Sugar has been described as “white death”, a substance so poisonous to humans that it has been linked to death from Type 2 diabetes and its complications, heart disease, non-alcoholic fatty liver disease, and more.
The average American consumes around 300 grams of carbohydrates per day. The Atkins low carb induction phase allows only 20. The other phases never permit more than 80. Millions have lost weight and kept it off thanks to Atkins. Could it be sugar, rather than fat, that is causing so many health problems in the US?
Sugar, sugar, everywhere
Dr. Atkins was swimming against the tide in the 1970s when he proposed his diet. Most ‘experts’ weighing in on health and successful weight loss were convinced that dietary fat was the culprit and advocated a low fat diet.
The result? Fast forward to 2017, and we now have more overweight and obese people than ever before=68% of the population in total, with 33% of children overweight or obese.
The explanation may lie in the food industry’s desire for profits. If you take fat out of a food such as a cookie, what can you do to make it taste good? Add more sugar. What do you do with all the by-products of the corn industry? Don’t let them go to waste-turn them into High Fructose Corn Syrup (HFCS), which is even sweeter than sugar itself.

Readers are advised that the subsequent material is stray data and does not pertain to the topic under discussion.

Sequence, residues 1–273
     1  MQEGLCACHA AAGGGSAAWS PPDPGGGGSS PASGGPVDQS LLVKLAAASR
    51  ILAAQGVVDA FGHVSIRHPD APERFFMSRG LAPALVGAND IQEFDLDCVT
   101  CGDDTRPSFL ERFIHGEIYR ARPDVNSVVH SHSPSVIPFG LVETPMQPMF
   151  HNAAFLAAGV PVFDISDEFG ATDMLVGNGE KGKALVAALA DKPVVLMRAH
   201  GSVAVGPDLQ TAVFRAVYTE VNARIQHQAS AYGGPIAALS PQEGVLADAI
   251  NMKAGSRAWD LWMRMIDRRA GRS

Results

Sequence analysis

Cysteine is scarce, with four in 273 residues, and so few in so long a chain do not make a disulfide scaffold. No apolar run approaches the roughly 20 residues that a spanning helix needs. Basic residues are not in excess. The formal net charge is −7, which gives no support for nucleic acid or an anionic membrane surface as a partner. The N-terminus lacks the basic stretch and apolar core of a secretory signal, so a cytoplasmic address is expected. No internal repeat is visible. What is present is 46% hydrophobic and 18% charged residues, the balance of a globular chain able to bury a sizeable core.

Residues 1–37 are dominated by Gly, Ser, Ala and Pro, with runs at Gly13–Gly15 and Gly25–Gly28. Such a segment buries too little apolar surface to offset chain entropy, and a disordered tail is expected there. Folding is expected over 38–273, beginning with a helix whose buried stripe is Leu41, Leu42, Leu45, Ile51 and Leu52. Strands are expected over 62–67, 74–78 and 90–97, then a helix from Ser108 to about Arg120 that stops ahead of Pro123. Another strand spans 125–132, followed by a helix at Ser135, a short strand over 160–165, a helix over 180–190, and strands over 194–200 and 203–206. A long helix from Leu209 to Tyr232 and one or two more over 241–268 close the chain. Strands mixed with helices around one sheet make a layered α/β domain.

Sugar in all its forms is in a wide range of convenience foods, some of which you would never even imagine, such as salad dressing. The backlash against sugar has highlighted this fact, but the convenience food manufacturers have just become cleverer as they take advantage of food labeling loopholes. Dextrose, maltose and glucose are just other names for sugar. “Natural” sweetener like malt and brown rice syrup sound harmless enough, but can be full of pollutants. With more than 56 different names for sugar, what is a parent to do?
The easiest way to avoid sugar is to start a clean eating program in which you cook from scratch using only fresh ingredients, and skip anything that comes from the store shelves.
It also means avoiding artificial sweeteners like aspartame and eating limited quantities of carbohydrates. Complex carbs like bread, pasta and starchy vegetables like potatoes take longer to digest, but they break down into simple carbs, such as sugar.
An eating adventure
Eating less sugar and carbs can take a bit of getting used to, but there are many blogs and recipes online that can help. Best of all, once you and your family give up on sugar, you should see a big change in the way you look and feel, and in your child’s behavior.